Generally, the invention provides a cesium implantation in a double-gate device (or other double-gate devices) in a double-gate mode (e.g. both gate electrodes are tied to each other and are used as a single gate) while still realizing the benefits of tightly-controlled chip leakage variation. Furthermore, while the invention has been described in terms of double-gate device, it can be equally applied to multiple-gate FETs, such as Trigate FETs, or single-gate FETs, such as Fully-depleted SOI or other planar transistors. Using the inventive concepts provided by the invention, integrated circuit die may be fabricated with greater precision in threshold voltage than was previously attainable. Other advantages provided by the invention include improved circuit performance, reduced leakage power, and operation at reduced power-supply voltage. Furthermore, fabrication yield can be improved as a result of improved control of threshold voltages, and circuits which require precise differences in threshold voltages may be fabricated.

The foregoing description of the specific embodiments will so fully reveal the general nature of the invention that others can, by applying current knowledge, readily modify and/or adapt for various applications such specific embodiments without departing from the generic concept, and, therefore, such adaptations and modifications should and are intended to be comprehended within the meaning and range of equivalents of the disclosed embodiments. It is to be understood that the phraseology or terminology employed herein is for the purpose of description and not of limitation. Therefore, while the invention has been described in terms of preferred embodiments, those skilled in the art will recognize that the invention can be practiced with modification within the spirit and scope of the appended claims.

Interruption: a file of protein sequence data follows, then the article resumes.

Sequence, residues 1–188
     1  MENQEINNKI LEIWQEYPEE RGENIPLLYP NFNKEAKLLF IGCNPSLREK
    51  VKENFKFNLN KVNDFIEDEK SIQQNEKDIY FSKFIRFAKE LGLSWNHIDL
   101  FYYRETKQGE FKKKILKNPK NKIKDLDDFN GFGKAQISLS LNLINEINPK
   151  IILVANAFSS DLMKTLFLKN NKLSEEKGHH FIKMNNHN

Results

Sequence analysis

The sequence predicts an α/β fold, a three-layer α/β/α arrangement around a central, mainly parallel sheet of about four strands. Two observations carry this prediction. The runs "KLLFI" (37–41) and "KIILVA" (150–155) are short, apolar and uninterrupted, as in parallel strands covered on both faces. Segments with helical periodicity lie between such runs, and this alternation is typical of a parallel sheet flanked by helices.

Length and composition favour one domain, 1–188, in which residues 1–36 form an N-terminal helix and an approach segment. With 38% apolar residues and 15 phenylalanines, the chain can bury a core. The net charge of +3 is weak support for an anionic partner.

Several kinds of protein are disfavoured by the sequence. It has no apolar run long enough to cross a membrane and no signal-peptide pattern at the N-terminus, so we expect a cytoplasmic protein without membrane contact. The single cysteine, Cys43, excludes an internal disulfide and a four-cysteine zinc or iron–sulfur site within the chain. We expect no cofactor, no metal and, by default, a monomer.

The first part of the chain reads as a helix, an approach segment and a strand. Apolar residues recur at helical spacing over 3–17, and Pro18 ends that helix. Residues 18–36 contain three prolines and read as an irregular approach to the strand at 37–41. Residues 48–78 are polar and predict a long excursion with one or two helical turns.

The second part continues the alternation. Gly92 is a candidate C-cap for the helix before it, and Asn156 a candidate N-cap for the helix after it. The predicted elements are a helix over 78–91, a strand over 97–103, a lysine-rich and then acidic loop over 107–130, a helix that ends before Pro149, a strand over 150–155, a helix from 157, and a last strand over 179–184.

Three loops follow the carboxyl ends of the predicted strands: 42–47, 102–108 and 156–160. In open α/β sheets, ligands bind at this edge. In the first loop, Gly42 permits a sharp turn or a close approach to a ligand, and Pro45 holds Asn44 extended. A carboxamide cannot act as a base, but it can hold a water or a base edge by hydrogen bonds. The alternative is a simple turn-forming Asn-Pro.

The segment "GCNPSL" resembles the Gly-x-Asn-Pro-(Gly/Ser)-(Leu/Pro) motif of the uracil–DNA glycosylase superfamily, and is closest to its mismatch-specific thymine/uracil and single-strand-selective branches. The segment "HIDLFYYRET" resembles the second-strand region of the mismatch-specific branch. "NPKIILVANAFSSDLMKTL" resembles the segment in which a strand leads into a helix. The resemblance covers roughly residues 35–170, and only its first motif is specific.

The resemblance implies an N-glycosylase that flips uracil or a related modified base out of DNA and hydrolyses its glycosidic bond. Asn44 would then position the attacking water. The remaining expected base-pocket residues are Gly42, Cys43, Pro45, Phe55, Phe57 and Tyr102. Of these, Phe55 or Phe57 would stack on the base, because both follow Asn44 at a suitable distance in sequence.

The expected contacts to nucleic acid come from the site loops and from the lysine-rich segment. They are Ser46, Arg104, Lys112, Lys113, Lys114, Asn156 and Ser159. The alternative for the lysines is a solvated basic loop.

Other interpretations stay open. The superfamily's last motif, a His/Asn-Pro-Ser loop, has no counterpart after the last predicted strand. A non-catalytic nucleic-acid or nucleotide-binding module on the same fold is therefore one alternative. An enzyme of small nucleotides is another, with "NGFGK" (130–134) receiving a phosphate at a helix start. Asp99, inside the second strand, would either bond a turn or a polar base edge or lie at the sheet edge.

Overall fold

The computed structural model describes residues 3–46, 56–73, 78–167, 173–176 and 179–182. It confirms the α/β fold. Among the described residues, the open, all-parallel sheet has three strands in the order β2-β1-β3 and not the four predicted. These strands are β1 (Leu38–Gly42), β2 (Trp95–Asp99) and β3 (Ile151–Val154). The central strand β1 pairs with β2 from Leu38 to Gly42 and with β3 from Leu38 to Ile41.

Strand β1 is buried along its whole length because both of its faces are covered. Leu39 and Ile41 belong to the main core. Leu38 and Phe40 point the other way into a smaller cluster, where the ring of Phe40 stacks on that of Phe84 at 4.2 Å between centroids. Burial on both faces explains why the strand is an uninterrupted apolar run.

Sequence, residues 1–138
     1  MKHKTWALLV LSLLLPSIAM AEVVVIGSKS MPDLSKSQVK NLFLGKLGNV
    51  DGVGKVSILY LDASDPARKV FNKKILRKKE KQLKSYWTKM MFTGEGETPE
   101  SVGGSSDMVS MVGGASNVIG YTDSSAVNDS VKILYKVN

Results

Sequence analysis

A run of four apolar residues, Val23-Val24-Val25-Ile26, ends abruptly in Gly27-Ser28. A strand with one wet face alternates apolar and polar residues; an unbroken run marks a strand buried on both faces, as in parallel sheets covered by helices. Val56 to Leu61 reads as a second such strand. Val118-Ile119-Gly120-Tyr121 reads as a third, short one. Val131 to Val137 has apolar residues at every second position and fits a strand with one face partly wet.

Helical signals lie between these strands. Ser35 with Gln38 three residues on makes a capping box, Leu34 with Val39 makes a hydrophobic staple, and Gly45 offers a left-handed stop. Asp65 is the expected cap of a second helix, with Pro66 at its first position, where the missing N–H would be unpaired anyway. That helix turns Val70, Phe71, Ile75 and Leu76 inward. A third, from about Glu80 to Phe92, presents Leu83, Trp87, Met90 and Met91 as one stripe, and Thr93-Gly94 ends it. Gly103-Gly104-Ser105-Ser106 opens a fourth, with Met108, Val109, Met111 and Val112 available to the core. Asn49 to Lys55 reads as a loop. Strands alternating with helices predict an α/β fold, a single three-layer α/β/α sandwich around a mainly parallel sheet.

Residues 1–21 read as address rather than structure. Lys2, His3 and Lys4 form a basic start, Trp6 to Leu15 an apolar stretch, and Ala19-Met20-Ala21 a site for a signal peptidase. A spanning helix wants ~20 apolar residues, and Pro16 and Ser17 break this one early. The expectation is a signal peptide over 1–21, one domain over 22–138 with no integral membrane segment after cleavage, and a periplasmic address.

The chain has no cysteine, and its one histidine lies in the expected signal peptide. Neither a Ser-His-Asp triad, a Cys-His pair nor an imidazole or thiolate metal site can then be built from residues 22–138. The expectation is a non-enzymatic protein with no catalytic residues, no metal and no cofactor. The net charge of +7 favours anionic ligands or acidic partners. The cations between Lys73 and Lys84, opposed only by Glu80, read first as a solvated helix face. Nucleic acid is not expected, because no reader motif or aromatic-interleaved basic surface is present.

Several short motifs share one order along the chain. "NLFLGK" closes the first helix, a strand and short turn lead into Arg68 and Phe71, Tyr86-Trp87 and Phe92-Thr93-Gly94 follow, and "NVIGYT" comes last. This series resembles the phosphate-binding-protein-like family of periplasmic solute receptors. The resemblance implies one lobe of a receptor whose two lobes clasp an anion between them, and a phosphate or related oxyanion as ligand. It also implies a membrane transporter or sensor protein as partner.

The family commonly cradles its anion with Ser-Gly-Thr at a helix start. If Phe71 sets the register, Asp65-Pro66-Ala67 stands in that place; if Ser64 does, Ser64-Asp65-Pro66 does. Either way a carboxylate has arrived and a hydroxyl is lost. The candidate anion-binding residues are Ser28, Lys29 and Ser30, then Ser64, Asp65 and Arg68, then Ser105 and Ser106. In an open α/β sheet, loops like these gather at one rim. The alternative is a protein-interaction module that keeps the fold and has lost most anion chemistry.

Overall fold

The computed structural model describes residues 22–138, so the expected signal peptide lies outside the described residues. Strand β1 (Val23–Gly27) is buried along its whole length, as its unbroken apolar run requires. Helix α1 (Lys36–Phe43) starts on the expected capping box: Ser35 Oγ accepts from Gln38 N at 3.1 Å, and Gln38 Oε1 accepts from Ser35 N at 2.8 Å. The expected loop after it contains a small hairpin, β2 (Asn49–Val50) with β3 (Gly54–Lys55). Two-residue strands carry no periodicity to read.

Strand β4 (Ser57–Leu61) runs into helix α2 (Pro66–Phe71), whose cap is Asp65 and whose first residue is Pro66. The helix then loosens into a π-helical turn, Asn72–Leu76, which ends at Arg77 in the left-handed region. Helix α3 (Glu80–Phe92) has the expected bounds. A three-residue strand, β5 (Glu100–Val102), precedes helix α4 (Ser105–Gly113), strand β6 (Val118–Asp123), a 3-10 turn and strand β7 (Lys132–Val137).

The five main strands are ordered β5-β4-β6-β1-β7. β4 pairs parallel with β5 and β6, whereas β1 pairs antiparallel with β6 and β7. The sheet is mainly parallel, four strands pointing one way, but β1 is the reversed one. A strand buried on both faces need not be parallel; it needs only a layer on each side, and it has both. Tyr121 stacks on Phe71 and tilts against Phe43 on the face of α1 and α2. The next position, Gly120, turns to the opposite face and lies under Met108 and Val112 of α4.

Patent Citations
Cited PatentFiling datePublication dateApplicantTitle
US3328210 *Oct 26, 1964Jun 27, 1967North American Aviation IncMethod of treating semiconductor device by ionic bombardment
US4827324Nov 6, 1986May 2, 1989Siliconix IncorporatedImplantation of ions into an insulating layer to increase planar pn junction breakdown voltage
US5264380Dec 18, 1989Nov 23, 1993Motorola, Inc.Method of making an MOS transistor having improved transconductance and short channel characteristics
US5321283Jul 30, 1991Jun 14, 1994Microwave Technology, Inc.High frequency JFET
US6509233Mar 7, 2002Jan 21, 2003Siliconix IncorporatedMethod of making trench-gated MOSFET having cesium gate oxide layer